With the success of Nintendo and Sony in the technological and densely populated country of Japan, there are many games that are made completely exclusive to the country. One game in particular I became envious of its Japan-only playability was Battle Stadium D.O.N. The abbreviated characters stand for three very popular animes, Dragon Ball Z, Once Piece, and Naruto. These animes are popular in America as well, which is why I am perplexed as to why Japan isn’t sharing its title. I learned about the game during a company visit to Q-Entertainment, which happens to be one of the two developers of the game, along with 8ing. The game was released July 20, 2006 for Nintendo GameCube and Sony PlayStation 2, and received a game rating of 28/40 from Weekly Famitsu.

Front cover of the game.

Battle Stadium D.O.N. is primarily a multiplayer game, but it also has single player components as well. The multiplayer gameplay of Battle Stadium D.O.N. is very similar to the concept of Super Smash Bros.–a series of games in which popular Nintendo characters duke it out with combat styles mimicking their characters’ abilities in their host game. Each character in Battle Stadium D.O.N. has special abilities specific to that character, including the ability to morph a character into a new form, or transforming for a short period of time. The main difference between the two games though is the health gauge in Battle Stadium D.O.N. Unlike health gauges in traditional combat games where the opponents health must be reduced to zero to win, this game has a combined health meter, which means in order to win, the player must make the health of their character take up the entire gauge. In this way, the players can gain health back by reducing the health of the other players. This type of gameplay has the ability to create matches that never end, which is why time limits are an available setting. The multiplayer mode can have from two to four players during gameplay.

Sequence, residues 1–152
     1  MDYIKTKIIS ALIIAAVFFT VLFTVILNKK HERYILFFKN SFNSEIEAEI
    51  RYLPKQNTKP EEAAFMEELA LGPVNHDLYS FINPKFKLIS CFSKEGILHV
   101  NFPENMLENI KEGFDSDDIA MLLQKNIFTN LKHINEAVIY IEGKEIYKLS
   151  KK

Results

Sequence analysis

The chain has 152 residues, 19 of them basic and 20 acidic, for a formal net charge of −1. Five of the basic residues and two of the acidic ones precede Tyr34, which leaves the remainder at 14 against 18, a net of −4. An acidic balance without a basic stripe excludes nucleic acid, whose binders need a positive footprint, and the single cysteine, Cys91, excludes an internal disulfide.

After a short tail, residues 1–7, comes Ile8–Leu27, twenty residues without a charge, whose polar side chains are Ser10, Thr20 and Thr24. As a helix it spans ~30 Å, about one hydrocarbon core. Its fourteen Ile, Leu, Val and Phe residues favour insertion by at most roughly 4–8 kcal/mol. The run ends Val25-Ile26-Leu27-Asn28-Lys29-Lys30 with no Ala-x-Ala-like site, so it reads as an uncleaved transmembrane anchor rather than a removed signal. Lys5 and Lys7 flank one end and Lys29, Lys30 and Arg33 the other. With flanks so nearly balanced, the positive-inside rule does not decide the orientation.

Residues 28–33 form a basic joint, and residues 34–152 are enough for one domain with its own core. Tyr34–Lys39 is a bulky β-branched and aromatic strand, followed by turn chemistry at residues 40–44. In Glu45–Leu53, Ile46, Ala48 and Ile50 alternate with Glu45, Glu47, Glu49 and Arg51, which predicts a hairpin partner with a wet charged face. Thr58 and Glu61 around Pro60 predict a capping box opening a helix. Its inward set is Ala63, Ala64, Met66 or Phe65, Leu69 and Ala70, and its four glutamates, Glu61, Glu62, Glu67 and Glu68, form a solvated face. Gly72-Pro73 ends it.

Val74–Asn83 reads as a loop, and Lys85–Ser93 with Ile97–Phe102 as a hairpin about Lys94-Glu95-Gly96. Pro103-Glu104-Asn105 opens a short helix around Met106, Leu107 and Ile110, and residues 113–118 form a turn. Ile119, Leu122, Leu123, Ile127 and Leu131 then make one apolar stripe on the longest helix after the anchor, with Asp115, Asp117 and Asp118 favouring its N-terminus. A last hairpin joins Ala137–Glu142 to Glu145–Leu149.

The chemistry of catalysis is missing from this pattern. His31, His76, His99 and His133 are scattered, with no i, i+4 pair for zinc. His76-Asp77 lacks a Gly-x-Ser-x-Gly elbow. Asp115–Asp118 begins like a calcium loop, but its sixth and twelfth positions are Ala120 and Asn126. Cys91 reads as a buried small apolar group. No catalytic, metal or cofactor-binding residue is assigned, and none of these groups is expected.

Single player mode is not much different from multiplayer mode. The player fights against a computer, only this time, the player has missions to complete during combat, beside just defeating the opponent. The number of missions given depends on the difficulty chosen. The reward for completing the missions is a quantity of coins. The coins are then used in a slot machine which has the ability to unlock certain aspects of the game.

The game appeals to me because it is so similar to Super Smash Bros. Melee, which was an immensely popular game when the GameCube was first released. It even utilizes the many of the same battle animations and combat items. It is as if they took the exact same game, replaced the Nintendo characters with anime characters, and added a couple new concepts, such as the health gauge. Another aspect of Battle Stadium D.O.N. I enjoy is how much more animated the gameplay is. It’s very colorful, fast-paced, and has silly voices that sound like the characters. Certain moments can be very intense, unlike Super Smash Bros. Melee, when characters perform super moves which halt the battle action momentarily to focus on a specific character’s intense moment of potential energy about to surge from their inner being, unleashing an attack that just about consumes all other battle animation for a short period on the screen. Animes tend to be extremely expressive hand-drawn cartoons, and the video game does a good job of mimicking that overall atmosphere and behavior of the characters.

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